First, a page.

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I have a python generator that does work that produces a large amount of data, which uses up a lot of ram. Is there a way of detecting if the processed data has been "consumed" by the code which is using the generator, and if so, pause until it is consumed?

def multi_grab(urls,proxy=None,ref=None,xpath=False,compress=True,delay=10,pool_size=50,retries=1,http_obj=None):
    if proxy is not None:
        proxy = web.ProxyManager(proxy,delay=delay)
        pool_size = len(pool_size.records)
    work_pool = pool.Pool(pool_size)
    partial_grab = partial(grab,proxy=proxy,post=None,ref=ref,xpath=xpath,compress=compress,include_url=True,retries=retries,http_obj=http_obj)
    for result in work_pool.imap_unordered(partial_grab,urls):
        if result:
            yield result

run from:

if __name__ == '__main__':
    links = set(link for link in grab('http://www.reddit.com',xpath=True).xpath('//a/@href') if link.startswith('http') and 'reddit' not in link)
    print '%s links' % len(links)
    counter = 1
    for url, data in multi_grab(links,pool_size=10):
        print 'got', url, counter, len(data)
        counter += 1
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You'll have to show us the code. But generators only are able to work if something is calling their next() method; they can't produce on their own, so the solution is for whatever is iterating over them to consume them to stop until they've consumed what they've already taken. –  agf Aug 9 '11 at 19:40

4 Answers 4

up vote 7 down vote accepted

A generator simply yields values. There's no way for the generator to know what's being done with them.

But the generator also pauses constantly, as the caller does whatever it does. It doesn't execute again until the caller invokes it to get the next value. It doesn't run on a separate thread or anything. It sounds like you have a misconception about how generators work. Can you show some code?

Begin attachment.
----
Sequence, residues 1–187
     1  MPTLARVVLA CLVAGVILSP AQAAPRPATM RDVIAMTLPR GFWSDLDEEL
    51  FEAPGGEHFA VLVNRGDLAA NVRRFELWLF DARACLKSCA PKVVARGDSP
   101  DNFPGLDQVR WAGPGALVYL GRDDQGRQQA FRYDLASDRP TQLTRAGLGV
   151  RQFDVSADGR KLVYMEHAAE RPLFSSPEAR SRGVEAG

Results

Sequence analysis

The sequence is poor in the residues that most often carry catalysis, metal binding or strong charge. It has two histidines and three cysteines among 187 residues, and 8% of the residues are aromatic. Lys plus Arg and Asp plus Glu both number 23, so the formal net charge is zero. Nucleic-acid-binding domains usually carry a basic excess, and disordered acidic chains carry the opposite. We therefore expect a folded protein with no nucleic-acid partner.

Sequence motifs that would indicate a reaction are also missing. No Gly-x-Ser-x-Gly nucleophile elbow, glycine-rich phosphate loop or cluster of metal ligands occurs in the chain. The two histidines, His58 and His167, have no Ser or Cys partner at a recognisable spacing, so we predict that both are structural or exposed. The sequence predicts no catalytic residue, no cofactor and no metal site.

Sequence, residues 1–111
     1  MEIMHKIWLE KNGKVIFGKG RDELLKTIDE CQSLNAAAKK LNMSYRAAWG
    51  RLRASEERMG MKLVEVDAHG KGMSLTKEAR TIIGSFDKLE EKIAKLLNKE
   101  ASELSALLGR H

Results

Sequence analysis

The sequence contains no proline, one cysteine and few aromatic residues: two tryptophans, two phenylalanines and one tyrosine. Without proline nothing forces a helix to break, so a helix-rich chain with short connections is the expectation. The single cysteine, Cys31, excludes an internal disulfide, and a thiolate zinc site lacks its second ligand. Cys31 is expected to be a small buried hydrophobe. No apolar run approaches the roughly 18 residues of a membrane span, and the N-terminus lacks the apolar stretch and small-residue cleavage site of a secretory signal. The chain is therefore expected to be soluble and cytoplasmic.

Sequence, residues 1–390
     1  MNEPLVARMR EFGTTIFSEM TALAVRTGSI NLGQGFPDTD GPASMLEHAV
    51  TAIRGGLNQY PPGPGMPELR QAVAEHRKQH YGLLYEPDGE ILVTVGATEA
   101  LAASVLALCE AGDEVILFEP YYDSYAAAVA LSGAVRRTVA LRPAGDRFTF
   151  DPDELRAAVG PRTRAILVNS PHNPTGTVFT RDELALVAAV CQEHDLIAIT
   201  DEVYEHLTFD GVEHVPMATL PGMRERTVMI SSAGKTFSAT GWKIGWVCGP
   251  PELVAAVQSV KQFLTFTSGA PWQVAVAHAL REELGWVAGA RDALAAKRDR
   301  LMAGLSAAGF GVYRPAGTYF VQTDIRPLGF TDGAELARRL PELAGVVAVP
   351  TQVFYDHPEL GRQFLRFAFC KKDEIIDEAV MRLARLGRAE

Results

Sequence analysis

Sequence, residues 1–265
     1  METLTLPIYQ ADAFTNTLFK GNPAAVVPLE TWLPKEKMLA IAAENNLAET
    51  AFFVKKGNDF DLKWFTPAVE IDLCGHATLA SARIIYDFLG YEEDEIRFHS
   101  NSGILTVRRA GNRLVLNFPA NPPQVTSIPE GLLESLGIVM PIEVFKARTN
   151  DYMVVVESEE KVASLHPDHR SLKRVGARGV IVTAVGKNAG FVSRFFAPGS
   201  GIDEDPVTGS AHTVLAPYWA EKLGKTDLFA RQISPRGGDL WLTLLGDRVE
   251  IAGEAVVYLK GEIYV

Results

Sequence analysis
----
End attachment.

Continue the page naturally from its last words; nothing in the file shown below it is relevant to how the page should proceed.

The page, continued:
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github.com/mattseh/python-web/blob/master/web.py the multi_grab method and the example under if name == 'main': I am consuming another generator (work_pool.imap_unordered), which is using threads (greenlets). –  Matt Aug 9 '11 at 19:41
    
gevent is introducing asyncronousity (!) into your code, and those threads are able to work independently of the caller pulling values. I'm not sure how best to get the effect you need. –  Ned Batchelder Aug 9 '11 at 19:48
    
Seems I need to create my own version of imap_unordered. Thank you for your input! –  Matt Aug 9 '11 at 19:51

The point of a generator in Python is to get rid of extra, unneeded objects after each iteration. The only time it will keep those extra objects (and thus extra ram) is when the objects are being referenced somewhere else (such as adding them to a list). Make sure you aren't saving these variables unnecessarily.

If you're dealing with multithreading/processing, then you probably want to implement a Queue that you could pull data from, keeping track of the number of tasks you're processing.

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I think you may be looking for the yield function. Explained in another StackOverflow question: The Python yield keyword explained

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A solution could be to use a Queue to which the generator would add data, while another part of the code would get data from it and process it. This way you could ensure that there is no more than n items in memory at the same time.

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